At the beginning of 2023 many experts forecast financial oblivion for the UK economy. Recession, house price crashes, you name it…

In such eventualities the value of expensive cars usually follows everything else down the financial plughole too. But whilst there have been some significant price corrections in the car world of late, not all cars have fared equally. In fact, not all Porsches have.

For years we’ve seen a somewhat glib attitude from official Porsche centres where allocations are concerned. Everything had a waiting list, even EVs like the Taycan and the Panamera (inexplicably in my view but that’s an article for another time).

911s in particular were as hard to get as a Rolex or a table at a Michelin starred restaurant with even the most ordinary of models and specs taking two years to arrive. Porsche sales people became ‘less sales’ and more just administrators of an overflowing filing cabinet of customer orders. The consequence of demand outstripping supply has been the ‘overs market’ necessitating that a 911 GTS would cost you more than list when a few weeks old and at the extreme, a 992 GT3 RS cost DOUBLE its list price. Crazy times.

But not anymore. Most new Porsches are now available from stock with, I hear, over 450 Taycans currently sitting in Porsche Centre car parks which translated to the economics of the situation means you’ll now bag a 15% plus discount on one new. Over 100 911s too apparently.

In fact, I recently saw an email to a Porsche wannabe owner from an OPC that says ‘I may be able to supply you with a car now that was previously stated as unavailable to you’. Wow, how the worm turns – Porsche sales execs having to work for a living and suck up a bit 😉

992 Turbos, Carreras, even GT3s are all coming off from their ridiculous peak ‘grey’ values now and if you own a new ish Taycan EV then I’m sorry but over this last year you’ve spent £40,000 of your kids’ inheritance that you didn’t intend to. Ouch.

However, as I suggested earlier this is a game of two halves with one sub-sector of the Porsche product seemingly indestructible from the incompetence of our politicians and our central Bankers. 

Classic 911s.

I’ve watched the air-cooled and specialist Porsche market like a hawk in recent months. I’ve analysed auction sale prices across the globe on a daily basis and have stalked Pistonheads, Autotrader, Collecting Cars and Bring a Trailer for a sense of what’s going on with air-cooled 60’s, 70’s, 80’s and 90’s Porsches and I’ve had an eye on 996 and 997 GT cars too as I own one.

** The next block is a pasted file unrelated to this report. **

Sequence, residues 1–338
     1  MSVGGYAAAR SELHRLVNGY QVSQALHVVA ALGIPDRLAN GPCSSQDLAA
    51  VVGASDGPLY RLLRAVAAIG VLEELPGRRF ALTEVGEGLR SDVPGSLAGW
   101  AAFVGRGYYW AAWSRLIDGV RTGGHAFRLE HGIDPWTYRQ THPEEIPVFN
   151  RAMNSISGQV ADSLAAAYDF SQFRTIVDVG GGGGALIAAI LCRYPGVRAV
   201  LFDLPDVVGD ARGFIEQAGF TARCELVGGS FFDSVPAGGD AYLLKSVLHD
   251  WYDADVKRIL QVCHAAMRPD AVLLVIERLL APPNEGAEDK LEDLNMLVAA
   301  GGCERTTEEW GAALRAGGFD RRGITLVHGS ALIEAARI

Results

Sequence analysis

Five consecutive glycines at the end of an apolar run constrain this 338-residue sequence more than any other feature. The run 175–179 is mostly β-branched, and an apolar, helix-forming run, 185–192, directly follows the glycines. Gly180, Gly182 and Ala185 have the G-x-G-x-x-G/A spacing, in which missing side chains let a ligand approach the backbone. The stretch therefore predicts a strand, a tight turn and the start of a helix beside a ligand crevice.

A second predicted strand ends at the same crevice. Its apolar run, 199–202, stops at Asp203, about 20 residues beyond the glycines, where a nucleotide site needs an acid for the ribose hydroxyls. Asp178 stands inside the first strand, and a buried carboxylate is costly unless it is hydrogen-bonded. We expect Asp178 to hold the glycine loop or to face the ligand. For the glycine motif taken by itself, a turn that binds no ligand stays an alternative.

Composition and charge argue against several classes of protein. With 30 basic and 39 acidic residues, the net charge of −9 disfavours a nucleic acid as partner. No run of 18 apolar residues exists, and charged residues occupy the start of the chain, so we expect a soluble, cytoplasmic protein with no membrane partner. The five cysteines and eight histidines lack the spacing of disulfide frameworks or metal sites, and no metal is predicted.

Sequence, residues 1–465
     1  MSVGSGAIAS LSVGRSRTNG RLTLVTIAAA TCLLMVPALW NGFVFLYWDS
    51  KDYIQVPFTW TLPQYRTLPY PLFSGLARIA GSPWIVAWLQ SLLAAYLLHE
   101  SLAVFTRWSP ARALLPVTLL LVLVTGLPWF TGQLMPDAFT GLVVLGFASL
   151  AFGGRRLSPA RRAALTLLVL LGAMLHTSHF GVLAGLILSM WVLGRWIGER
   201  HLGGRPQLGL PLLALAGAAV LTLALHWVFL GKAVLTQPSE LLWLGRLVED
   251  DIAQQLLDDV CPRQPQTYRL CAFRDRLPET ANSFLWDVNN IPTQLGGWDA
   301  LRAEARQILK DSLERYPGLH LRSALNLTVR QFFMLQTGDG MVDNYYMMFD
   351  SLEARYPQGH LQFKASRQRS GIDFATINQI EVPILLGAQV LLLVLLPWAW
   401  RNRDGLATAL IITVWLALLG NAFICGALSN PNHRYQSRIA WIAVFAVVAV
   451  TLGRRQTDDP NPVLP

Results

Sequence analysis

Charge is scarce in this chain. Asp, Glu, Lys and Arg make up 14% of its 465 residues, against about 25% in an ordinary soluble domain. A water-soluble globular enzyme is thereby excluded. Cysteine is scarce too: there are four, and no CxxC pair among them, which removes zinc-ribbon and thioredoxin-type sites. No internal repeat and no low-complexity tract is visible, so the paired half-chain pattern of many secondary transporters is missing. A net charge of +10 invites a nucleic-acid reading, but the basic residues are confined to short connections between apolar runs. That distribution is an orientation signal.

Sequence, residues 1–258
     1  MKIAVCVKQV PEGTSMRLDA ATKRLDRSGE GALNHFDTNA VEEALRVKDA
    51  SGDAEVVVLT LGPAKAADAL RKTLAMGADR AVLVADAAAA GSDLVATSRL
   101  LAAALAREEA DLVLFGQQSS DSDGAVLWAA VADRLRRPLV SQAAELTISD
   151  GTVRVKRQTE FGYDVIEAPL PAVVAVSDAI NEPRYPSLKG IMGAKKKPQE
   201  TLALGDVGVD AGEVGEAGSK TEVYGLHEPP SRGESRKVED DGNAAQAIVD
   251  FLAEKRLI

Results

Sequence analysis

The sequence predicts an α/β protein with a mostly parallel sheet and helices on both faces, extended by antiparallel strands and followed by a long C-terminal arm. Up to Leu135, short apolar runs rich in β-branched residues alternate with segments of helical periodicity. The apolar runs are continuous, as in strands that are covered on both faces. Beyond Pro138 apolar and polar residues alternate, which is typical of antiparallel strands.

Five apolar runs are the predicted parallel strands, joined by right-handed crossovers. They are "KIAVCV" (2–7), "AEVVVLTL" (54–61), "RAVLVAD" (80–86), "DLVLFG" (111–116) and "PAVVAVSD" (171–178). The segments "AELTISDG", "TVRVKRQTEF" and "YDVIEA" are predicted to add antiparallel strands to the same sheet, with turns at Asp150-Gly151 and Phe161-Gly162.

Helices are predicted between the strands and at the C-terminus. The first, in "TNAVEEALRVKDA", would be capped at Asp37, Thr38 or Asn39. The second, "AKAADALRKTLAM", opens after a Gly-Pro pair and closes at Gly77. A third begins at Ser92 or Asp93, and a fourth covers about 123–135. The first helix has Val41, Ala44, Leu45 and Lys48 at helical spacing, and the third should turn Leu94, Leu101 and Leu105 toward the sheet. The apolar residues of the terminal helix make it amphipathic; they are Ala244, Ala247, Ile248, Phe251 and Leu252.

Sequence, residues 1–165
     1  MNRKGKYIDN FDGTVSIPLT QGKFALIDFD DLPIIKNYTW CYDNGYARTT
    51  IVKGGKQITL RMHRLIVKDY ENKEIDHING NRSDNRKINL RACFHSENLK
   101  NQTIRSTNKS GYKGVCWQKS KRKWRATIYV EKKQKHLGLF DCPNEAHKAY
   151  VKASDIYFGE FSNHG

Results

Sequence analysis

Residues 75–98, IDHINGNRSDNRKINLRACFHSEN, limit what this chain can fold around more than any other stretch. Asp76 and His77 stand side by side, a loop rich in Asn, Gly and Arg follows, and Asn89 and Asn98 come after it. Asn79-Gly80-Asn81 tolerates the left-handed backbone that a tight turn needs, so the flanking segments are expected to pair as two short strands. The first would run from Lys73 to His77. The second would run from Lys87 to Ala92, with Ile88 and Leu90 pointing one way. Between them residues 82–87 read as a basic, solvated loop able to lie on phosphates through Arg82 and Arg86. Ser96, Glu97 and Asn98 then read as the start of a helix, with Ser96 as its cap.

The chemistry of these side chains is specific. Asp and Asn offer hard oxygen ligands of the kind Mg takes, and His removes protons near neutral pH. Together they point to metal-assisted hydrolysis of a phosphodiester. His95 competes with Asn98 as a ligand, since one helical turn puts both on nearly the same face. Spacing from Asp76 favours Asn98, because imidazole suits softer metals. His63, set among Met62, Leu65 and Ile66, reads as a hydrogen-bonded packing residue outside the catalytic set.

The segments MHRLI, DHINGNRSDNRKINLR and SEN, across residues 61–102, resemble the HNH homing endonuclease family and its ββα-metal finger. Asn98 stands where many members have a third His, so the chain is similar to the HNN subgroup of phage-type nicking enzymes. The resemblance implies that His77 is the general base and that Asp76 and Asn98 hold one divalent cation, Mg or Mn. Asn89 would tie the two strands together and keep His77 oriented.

The upshot is that decent older cars with provenance and with lowish mileage have proven to be Teflon against a backdrop of newer Porsche, Ferrari and McLaren models dropping off cliffs, fiscally speaking. 

F-body cars have stayed still in value terms albeit that some of the more optimistically priced 2.2 and 2.4 S’s remain unsold at £170K plus but that’s because they weren’t worth that in 2022 let alone now. G- bodies have risen nicely and perhaps come off the boil very slightly. But as for 964’s the thirst from Singer, Theon and others to hunt them down and to lock them up ready for a backdate transformation has pushed quite ordinary examples above £90k for the first time.

993s, especially wide-body sale listings are all still £100k plus and seem to be selling.

To me, the ultimate 911 is a hybrid. No, not a petrol and electric Frankenstein but a mix of old and new. A classic 70’s shape with some testosterone injected here and there alongside 21st century performance, suspension, brakes and trim. A proper Restomod – the best of everything in one package.

Yes, Singer is the brand that most people think of when the words ‘Restomod’ or ‘Backdate’ are mentioned. But so are the words one-million-pounds and for almost all of us it would be a choice between pension and Porsche, one that Mrs Q might have something to say about in my case and yours too no doubt.

But, alongside Singer, other brands of that perfect blend of classic character and modern engineering are available and, guess what, they aren’t depreciating like their younger cousins either (Paul Cockell tells me that no RennSport owner has ever entrusted the sale of their car to him and lost money doing so.

Merry Christmas indeed! 

Written by Russell Quirk @porschenomics / @911_addict for Rennsport